Wimbledon 2014: Eugenie Bouchard continues Canada’s rise with ruthless victory over Simona Halep

The Canadian will face  2011 champion Petra Kvitova in the final


This Wimbledon is shaping up to be the year the Maple Leaf flowered. After Milos Raonic became the first Canadian man to reach a Grand Slam semi-final in more than a century, Eugenie Bouchard became the first female Canuck ever to reach a final.

The 20-year-old beat Romania’s Simona Halep 7-6, 6-2 on Centre Court to book a place in Saturday’s women’s single final against the 2011 winner Petra Kvitova. The Czech will be favourite but Bouchard is very self-possessed and will certainly not be overawed.

Having lost in the semi-finals of the Australian and French Opens this year, Bouchard was asked if she was relieved to have finally made the final. She replied: “I wouldn’t use the word ‘relief,’ but I’m happy to get to my first Grand Slam final. It’s very exciting. It’s what I’ve worked so long for, but it’s not like a surprise to me. I expect good results like this. So for me, I was like, OK, good. It’s a step in the right direction. I get to play in the final. I still have another match, so it’s not a full celebration yet. My job is not done.”

Fired by this sense of destiny, Bouchard, who was junior Wimbledon champion in 2012, has progressed from 66th in the world 12 months ago to 13th at the start of this tournament. She is already guaranteed to be No 8 after Wimbledon, matching the previous Canadian best achieved by Carling Bassett in 1985.

Bouchard has been impressive at this tournament, defeating four seeded players, and may well have brushed Halep aside anyway, but it helped that her opponent was  hindered by an ankle injury suffered at the end of the fourth game.

Halep, normally a highly effective mover on court, had strapping applied and played on, but she could not twist and turn as smartly as normal. Sport at this level is ruthless and Bouchard immediately began aiming for the corners, working Halep’s injured joint.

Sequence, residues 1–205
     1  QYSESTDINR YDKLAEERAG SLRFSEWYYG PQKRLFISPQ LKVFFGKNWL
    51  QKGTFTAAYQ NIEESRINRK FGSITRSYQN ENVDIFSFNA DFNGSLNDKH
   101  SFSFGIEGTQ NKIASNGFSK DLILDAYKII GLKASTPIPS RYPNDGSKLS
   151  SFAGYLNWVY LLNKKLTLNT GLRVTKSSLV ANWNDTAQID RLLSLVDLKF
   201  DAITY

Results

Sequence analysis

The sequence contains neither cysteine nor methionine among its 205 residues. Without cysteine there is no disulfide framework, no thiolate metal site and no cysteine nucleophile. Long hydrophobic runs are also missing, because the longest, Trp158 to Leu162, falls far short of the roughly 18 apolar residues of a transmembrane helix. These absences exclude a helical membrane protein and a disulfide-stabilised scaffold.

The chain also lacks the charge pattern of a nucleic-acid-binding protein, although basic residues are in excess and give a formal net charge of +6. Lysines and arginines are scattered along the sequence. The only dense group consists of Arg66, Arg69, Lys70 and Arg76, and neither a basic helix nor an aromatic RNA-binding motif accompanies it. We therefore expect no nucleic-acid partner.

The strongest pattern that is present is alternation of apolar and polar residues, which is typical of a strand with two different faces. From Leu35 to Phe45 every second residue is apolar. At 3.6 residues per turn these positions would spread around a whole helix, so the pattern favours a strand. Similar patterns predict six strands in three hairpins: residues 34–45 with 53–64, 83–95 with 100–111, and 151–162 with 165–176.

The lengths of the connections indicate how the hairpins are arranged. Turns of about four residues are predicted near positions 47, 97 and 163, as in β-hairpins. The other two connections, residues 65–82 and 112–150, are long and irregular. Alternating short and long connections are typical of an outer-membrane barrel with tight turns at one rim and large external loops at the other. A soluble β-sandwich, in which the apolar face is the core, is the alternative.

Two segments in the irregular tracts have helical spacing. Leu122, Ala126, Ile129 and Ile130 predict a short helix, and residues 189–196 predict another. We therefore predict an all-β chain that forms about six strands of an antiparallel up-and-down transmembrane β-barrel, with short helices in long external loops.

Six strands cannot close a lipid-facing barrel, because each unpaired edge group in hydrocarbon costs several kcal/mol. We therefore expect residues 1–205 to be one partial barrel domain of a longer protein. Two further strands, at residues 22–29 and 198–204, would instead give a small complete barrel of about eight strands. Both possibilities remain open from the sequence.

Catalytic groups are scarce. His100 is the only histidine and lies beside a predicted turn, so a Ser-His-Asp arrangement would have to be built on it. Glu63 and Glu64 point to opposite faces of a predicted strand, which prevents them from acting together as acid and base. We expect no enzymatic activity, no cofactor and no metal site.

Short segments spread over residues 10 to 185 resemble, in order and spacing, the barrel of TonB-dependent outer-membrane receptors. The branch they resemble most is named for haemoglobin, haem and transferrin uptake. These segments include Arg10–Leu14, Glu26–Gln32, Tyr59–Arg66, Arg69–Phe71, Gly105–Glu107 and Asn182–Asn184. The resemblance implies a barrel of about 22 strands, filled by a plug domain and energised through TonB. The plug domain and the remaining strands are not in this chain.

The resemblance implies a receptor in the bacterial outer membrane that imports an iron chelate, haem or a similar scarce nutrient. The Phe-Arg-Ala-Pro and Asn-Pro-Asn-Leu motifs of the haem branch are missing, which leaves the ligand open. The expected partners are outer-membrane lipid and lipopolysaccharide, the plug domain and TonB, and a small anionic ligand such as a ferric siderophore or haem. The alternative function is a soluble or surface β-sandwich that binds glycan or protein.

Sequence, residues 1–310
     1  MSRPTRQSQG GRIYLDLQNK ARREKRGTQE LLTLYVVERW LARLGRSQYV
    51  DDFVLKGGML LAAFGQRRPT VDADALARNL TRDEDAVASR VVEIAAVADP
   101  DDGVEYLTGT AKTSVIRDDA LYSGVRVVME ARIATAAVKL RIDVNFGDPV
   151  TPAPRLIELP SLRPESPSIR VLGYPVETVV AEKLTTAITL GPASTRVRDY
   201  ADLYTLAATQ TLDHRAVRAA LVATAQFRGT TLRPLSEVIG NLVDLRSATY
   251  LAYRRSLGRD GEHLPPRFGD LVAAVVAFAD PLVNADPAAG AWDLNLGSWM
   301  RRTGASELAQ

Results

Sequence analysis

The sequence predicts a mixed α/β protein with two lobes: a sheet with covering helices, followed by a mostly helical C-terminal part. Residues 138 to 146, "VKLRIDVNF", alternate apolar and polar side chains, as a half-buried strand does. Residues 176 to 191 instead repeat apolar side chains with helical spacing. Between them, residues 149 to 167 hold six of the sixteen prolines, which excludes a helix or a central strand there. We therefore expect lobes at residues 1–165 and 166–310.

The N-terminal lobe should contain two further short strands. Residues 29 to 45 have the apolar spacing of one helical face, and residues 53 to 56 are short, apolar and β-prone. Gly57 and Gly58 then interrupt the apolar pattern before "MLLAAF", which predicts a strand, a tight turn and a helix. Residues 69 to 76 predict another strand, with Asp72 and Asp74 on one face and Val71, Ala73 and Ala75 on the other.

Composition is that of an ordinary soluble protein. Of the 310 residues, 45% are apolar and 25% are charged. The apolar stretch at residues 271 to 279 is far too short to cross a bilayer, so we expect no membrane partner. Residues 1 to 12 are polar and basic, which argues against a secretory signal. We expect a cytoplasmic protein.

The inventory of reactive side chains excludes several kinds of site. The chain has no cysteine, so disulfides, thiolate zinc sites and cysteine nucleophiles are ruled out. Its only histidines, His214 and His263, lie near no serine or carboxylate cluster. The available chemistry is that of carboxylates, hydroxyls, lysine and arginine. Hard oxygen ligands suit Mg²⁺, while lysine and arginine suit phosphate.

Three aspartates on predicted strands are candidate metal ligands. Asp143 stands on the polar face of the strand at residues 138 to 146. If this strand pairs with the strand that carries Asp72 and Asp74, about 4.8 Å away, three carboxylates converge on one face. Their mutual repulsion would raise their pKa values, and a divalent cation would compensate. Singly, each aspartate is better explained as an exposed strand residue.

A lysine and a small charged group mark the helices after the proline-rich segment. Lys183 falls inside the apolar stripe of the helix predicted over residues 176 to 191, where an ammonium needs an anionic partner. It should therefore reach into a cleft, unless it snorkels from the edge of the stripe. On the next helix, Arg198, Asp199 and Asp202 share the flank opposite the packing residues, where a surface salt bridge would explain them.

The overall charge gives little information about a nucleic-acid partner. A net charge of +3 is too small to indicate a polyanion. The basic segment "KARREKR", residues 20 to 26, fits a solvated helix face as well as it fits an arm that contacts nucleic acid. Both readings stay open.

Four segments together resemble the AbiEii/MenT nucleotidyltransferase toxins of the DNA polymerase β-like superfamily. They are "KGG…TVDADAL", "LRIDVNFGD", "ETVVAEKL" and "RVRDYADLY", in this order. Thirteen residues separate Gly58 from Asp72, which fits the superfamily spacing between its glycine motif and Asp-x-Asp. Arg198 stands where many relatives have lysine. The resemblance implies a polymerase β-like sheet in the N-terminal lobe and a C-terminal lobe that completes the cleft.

“It was difficult to continue because I twisted my ankle,” Halep said. “ I felt a big pain in the moment. It was better with the tape but still I couldn’t push any more in my leg. My first serve was really bad after that.”

As Halep was already playing with strapping on her thigh and other ankle, and suffering from “muscle contractions”, the injury made the first-set tie-break hugely significant. With the Romanian leading, all points being won against service, a spectator sitting in the sunshine on the hottest day of the year so far fainted in the heat. She was sat opposite the umpire Kader Nouni, who suddenly jumped from his chair, ran across the court, to the surprise of the players, and alerted the stewards. There was a lengthy delay while the woman received treatment then was helped from the court.

Bouchard dropped the next point but, with the aid of a fortuitous net cord, recovered to take the break 7-5. The wounded Halep, faced with needing to win another two sets to reach the final, lost heart. “I couldn’t believe any more I could finish the match in the right way for me, I lost energy,” she admitted.

She did not, however, go tamely, saving five match points. The first of these was controversial. As Halep served, with the score 1-5, 15-40, Bouchard stepped away distracted by a shout from the crowd. Nouni ruled that, as she had not said anything, and by then he was looking at Halep, the point stood.

Bouchard seemed rattled and Halep held her service game. But the Canadian regrouped and took the next game, and the match. “I felt we should have replayed the point, I took it as a challenge,” she said later, the same phrase she used for the interrupted tie-break.

Halep’s injury was unfortunate because the match featured two of the new faces of the women’s game, the two who have won most matches on tour this year. Despite her handicap, however, the first set was absorbing and full of good tennis. Though they are baseliners, who hit low, hard, sweeping groundstrokes, the pair both mixed in plenty of drop shots and lobs, even if their volleying was less  convincing.

Billie Jean King the eminence grise of the women’s game, was approving. “They are better than we were. Every generation gets better,” she said. “They will make women’s tennis shine for the next five to 10 years.”

It is clear Bouchard will not allow much to interrupt her tennis. The Montreal resident’s focus on her career was evident in the post-match press conference when she was asked about Justin Bieber, who she has previously said she hoped would notice her. Not any more, it seems. “He’s kind of been in trouble recently, so I’m not associated with that at the moment. But if he cleans up his image...”

Bouchard’s progress will be greeted with happiness in British tennis circles. The Lawn Tennis Association’s chief executive, Michael Downey, was poached from his role as the head of Tennis Canada last year and the rise of Bouchard and Raonic suggests his policies work. Also on the horizon is Filip Pelio, who made it a Canadian double with Bouchard when he won the junior boys’ title in 2012.

“They must be doing something right in the north,” said John McEnroe, adding that the Americans, who did not have a player through to the last 16 of either singles competition here, need to take a look at their neighbours.

Match statistics

13 E Bouchard (Can) bt  3 S Halep (Rom) 7-6 6-2


2 Aces 1

3 Double-faults 5

74% First serve pts won 54%

110mph Fastest serve 106mph

33% Break points won 50%

20 Winners 13

23 Unforced errors 23

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